A laid-off waiter at 54, Dan Brillantino nevertheless stepped up to the U.S. Army table Thursday night at an East Meadow job fair that drew hundreds of people.

“I’m a little too old, I’m told,” said the Lynbrook resident, who moved in with his parents to help them out while he searches for work. “I was curious. I’m pretty much open to seeing what’s around . . . anything that has some kind of benefits and a chance to move forward.”

The gentle brushoff he received was part of the job fair etiquette that several frustrated job hunters said was missing from some employers at the fair and in the job market.

One Long Island job classifieds publication, for example, seemed more interested in getting a national chain to advertise, and as the two representatives chatted about this and that for 10 minutes, at least one job hunter came, waited and eventually left.

Another job seeker complained that he’s been called to several job interviews, only to find himself and several others being given sales pitches on products or being recruited to sell. A woman, fresh from the U.S. Census Bureau to the unemployment ranks, said too many companies refer job hunters to their websites for information.

A part-time communications teacher, Elsea Chea of Hempstead said one college at the job fair refused to take his resume. “We’re just here for applications for students,” Chea said he was told. “I thought that was crazy. I said ‘Take my resume.’ She said ‘No, we just do admissions.’ ”

The job fair, held in the East Meadow High School gymnasium, drew about 600 registered job hunters, many walk-ins and 80 employers with what the organizer called “real jobs,” although it was too soon to tell right afterward whether anyone got one. 

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Sen. Kemp Hannon (R-Garden City) said he did not want it to be a career day, in which firms just showcased themselves, but invited firms that had posts to fill.

Most firms there had sales and entry jobs, with some looking for people with specific skills in accounting, investigations and health care. Even though many were sales and retail jobs, several firms said they offered base pay above minimum wage, along with commission and benefits.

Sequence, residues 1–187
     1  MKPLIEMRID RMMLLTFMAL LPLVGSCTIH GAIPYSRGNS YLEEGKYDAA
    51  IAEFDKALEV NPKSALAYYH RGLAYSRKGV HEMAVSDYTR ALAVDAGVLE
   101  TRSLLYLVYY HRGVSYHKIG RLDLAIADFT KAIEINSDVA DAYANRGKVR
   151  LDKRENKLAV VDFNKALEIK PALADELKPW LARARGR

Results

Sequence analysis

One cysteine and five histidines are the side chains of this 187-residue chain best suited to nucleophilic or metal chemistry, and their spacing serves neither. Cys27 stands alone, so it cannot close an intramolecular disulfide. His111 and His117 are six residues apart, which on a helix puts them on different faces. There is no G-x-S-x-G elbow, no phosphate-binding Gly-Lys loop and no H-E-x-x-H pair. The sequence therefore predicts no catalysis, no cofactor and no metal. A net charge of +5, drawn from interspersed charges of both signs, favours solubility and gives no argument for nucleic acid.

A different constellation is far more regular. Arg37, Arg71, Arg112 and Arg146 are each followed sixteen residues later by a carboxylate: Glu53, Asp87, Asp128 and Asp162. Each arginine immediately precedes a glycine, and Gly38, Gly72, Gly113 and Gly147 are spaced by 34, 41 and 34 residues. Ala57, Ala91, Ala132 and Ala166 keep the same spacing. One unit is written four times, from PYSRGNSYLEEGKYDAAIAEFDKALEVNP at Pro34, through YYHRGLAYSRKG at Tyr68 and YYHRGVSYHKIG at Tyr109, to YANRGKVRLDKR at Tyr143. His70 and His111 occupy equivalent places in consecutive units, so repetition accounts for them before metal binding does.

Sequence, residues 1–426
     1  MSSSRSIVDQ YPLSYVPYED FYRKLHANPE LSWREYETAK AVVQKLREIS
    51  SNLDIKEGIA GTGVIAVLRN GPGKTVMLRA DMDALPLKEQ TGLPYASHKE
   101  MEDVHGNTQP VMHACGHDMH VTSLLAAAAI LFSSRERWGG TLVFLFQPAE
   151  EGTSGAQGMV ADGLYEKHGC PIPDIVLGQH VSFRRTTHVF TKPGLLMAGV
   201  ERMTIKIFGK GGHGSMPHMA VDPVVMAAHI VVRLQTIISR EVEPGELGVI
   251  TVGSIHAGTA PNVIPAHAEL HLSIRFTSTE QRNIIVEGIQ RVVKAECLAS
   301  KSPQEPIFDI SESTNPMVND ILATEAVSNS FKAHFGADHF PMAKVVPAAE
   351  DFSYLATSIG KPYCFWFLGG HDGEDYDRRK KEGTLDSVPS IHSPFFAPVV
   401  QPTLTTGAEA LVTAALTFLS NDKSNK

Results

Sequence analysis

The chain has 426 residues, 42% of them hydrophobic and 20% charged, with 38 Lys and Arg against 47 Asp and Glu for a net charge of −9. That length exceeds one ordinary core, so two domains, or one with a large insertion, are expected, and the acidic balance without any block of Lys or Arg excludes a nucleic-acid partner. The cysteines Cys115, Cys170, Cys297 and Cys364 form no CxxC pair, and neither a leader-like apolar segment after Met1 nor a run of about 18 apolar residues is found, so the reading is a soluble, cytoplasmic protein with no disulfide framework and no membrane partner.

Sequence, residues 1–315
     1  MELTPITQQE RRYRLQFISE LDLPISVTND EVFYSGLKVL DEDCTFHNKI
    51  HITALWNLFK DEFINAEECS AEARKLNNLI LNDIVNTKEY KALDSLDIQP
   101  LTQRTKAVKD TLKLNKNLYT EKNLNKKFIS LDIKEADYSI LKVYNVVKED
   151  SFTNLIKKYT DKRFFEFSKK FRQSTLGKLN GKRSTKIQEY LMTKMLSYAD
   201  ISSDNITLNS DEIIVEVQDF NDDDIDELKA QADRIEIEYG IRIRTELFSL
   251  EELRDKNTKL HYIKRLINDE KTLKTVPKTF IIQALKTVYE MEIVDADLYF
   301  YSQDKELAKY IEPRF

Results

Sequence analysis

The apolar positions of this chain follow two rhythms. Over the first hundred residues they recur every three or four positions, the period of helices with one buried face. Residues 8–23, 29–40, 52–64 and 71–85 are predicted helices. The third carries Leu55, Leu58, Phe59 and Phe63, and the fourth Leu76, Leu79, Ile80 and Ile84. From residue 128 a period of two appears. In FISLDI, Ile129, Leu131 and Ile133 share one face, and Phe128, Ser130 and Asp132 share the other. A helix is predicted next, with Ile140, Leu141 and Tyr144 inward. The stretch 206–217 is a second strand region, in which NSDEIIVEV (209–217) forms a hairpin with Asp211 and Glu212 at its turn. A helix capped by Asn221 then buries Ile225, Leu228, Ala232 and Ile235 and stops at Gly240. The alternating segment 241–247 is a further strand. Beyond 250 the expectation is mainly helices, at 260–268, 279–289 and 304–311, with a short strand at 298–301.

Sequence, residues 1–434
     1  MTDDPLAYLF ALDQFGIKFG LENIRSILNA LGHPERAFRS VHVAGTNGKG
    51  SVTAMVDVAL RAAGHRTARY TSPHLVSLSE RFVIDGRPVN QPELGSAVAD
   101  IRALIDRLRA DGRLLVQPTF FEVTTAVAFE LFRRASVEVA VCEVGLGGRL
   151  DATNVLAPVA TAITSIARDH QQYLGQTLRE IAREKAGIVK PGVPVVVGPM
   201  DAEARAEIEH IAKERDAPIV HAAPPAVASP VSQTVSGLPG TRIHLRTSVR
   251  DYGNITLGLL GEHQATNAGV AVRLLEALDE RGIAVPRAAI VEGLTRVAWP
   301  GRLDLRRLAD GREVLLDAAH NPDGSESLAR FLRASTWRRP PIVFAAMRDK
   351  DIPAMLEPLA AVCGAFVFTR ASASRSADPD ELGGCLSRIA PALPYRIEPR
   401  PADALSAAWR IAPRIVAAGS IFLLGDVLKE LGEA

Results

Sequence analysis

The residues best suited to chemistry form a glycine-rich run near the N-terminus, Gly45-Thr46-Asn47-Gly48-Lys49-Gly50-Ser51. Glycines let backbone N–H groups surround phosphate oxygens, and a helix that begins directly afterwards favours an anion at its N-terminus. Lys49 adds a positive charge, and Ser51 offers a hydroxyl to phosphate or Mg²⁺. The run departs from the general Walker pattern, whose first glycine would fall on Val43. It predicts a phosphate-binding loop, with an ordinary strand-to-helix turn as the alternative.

Robert Guida, founder of Guidance Corp., a Manhattan-based firm that provides temporary and permanent staff, mostly in health care, said he does not mind if someone's using his firm as a "bridge" employment until the economy improves. The health-care industry is growing so much, he said, that if  "500 physical therapists" showed up, he'd hired them.

"This recession is going to be a long, steady, gradual recovery," he said, "and I would expect that bridge jobs, which in past recessions would be six months to a year, maybe would now be like two to three years. It’s a great win-win situation. It’s a chance for the applicant to try out the company or industry and a chance for the company to try out the applicant.”

Kevin Hecker Jr., a marketer for Hicksville-based Slomin’s home security firm, took advantage of the long line waiting in front of the Northrop Grumman table and collected resumes.

“We’re looking for customer service sales people,” he told several. He said Slomin’s also wanted people for sales teams that would go door to door, jobs that start with a $15 base, hourly wage.

Recent graduate Melissa Renard of Amityville had a criminal justice degree and was interested because of the security connection.

Saying she's “intimidated” because of the bad job market, Renard said company's at the fair  were friendly.  “If a position is not available, they’re letting me know something that‘s closely related." 

She has a job in the credit processing industry but now wants a foot in the door of her chosen career. “For the experience, I’ll take no pay.”

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